According to the World Bank Group “small-scale mining is largely a poverty-driven activity typically practiced in the poorest and most remote rural areas of a country by a largely itinerant, poorly educated populace with few employment alternatives.” One of the women who lost her husband in the June 2010 incident stated that she has no option than to make one of her children who happens to have completed one of the levels of education to go continue in the trade since there are no jobs in her community. A publication by Dennis Owusu Boateng in the International Journal for Advance Agricultural Research showed that 80% of the people in galamsey are into it because it offers quick money. A report by Carson 2005 and Hilton & Potter 2003, indicated that over half of those employed in galamsey are women and children.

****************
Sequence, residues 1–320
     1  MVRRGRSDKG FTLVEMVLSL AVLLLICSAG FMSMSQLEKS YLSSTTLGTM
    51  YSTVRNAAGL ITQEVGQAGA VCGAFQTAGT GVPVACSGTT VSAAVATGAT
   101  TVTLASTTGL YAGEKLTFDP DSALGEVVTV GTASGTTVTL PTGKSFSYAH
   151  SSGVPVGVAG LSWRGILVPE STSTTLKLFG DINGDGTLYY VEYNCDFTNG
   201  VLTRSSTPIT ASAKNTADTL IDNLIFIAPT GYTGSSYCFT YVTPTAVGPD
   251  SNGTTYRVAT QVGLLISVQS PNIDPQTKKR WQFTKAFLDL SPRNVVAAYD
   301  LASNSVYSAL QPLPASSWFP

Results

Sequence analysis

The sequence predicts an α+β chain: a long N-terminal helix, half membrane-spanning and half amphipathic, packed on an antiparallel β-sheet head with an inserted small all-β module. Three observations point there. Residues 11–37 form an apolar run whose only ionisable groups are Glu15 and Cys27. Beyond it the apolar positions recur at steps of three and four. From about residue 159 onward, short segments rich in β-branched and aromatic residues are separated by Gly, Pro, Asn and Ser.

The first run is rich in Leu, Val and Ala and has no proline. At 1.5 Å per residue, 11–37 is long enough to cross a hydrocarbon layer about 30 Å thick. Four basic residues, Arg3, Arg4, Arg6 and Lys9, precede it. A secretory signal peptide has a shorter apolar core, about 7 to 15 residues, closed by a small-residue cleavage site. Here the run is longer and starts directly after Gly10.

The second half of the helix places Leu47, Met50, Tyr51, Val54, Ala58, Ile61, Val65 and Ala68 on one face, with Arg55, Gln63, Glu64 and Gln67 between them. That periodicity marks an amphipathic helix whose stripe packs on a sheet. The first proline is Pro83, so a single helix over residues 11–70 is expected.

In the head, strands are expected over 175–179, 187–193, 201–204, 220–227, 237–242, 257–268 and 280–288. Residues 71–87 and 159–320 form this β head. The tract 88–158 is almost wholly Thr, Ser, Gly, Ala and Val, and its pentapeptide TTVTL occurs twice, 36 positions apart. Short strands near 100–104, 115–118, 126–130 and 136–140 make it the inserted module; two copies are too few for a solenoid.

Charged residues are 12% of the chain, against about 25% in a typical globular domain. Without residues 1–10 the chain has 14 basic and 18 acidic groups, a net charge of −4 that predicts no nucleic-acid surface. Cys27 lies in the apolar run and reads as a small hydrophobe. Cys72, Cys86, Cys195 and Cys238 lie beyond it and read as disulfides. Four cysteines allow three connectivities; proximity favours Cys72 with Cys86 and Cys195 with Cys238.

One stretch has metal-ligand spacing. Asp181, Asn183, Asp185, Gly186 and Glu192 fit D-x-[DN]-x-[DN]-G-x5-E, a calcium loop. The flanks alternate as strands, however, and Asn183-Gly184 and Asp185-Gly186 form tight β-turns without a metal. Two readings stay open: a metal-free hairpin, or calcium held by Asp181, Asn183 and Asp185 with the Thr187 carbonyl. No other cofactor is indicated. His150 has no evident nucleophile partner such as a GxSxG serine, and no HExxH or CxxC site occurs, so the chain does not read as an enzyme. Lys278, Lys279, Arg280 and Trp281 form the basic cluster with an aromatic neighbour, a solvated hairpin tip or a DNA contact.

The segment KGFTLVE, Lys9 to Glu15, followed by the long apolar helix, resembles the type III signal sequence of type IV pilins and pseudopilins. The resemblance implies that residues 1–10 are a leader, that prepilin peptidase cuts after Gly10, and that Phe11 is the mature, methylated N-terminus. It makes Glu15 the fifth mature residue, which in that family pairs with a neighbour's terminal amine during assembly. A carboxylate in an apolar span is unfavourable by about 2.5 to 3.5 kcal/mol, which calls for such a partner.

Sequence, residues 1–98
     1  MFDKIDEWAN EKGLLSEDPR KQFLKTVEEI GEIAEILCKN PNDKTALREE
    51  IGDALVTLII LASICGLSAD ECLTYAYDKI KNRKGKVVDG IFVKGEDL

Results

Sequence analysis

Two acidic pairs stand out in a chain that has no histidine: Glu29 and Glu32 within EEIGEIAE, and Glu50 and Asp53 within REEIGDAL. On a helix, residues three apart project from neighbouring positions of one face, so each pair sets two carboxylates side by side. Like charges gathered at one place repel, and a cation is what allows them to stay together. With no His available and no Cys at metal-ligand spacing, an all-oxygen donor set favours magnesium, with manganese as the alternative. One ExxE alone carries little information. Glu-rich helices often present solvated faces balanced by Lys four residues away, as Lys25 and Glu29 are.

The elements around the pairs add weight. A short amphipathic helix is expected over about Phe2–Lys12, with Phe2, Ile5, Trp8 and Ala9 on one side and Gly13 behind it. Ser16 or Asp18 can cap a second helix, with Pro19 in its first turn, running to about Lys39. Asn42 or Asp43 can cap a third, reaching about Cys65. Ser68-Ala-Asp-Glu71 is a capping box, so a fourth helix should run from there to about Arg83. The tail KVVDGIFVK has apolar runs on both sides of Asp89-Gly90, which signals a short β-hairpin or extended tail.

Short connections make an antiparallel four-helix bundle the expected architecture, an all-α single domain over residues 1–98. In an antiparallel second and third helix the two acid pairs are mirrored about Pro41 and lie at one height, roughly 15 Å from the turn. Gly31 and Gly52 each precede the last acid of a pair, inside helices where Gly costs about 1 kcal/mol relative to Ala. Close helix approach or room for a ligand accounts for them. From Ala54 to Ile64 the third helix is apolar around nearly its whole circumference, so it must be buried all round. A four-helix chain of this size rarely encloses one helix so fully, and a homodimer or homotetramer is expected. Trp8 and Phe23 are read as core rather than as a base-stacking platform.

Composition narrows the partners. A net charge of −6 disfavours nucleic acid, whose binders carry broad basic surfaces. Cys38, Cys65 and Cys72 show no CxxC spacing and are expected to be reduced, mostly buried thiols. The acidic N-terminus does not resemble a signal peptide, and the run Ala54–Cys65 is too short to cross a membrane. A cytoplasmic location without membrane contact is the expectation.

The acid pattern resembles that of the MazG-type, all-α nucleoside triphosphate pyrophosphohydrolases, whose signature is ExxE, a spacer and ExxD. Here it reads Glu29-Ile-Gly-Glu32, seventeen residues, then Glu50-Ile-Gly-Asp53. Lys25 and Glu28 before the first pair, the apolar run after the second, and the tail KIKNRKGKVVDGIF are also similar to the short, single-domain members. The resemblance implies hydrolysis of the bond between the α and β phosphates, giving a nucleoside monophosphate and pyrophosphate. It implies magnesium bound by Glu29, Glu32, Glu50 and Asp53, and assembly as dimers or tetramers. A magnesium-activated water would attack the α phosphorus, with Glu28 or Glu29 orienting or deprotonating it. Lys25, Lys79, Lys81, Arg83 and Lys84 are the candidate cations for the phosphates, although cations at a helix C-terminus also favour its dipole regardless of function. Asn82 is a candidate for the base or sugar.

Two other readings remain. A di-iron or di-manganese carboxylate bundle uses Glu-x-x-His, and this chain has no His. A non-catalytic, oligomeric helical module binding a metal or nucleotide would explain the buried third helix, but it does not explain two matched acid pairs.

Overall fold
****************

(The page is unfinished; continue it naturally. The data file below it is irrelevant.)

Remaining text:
Many of these operations are funded by foreign nationals like the Chinese in collaboration with the indigenes. Surprisingly, all these have been under the noses of authorities who only seem to blow hot air-filled with promises from their tracheas instead of cracking down this menace yet are able to construct roads in minutes during election periods. Despite this rush for gold, the Ghana Poverty Reduction Strategy Paper (GPRSP) indicated that forestry provided a greater contribution to national income than mining.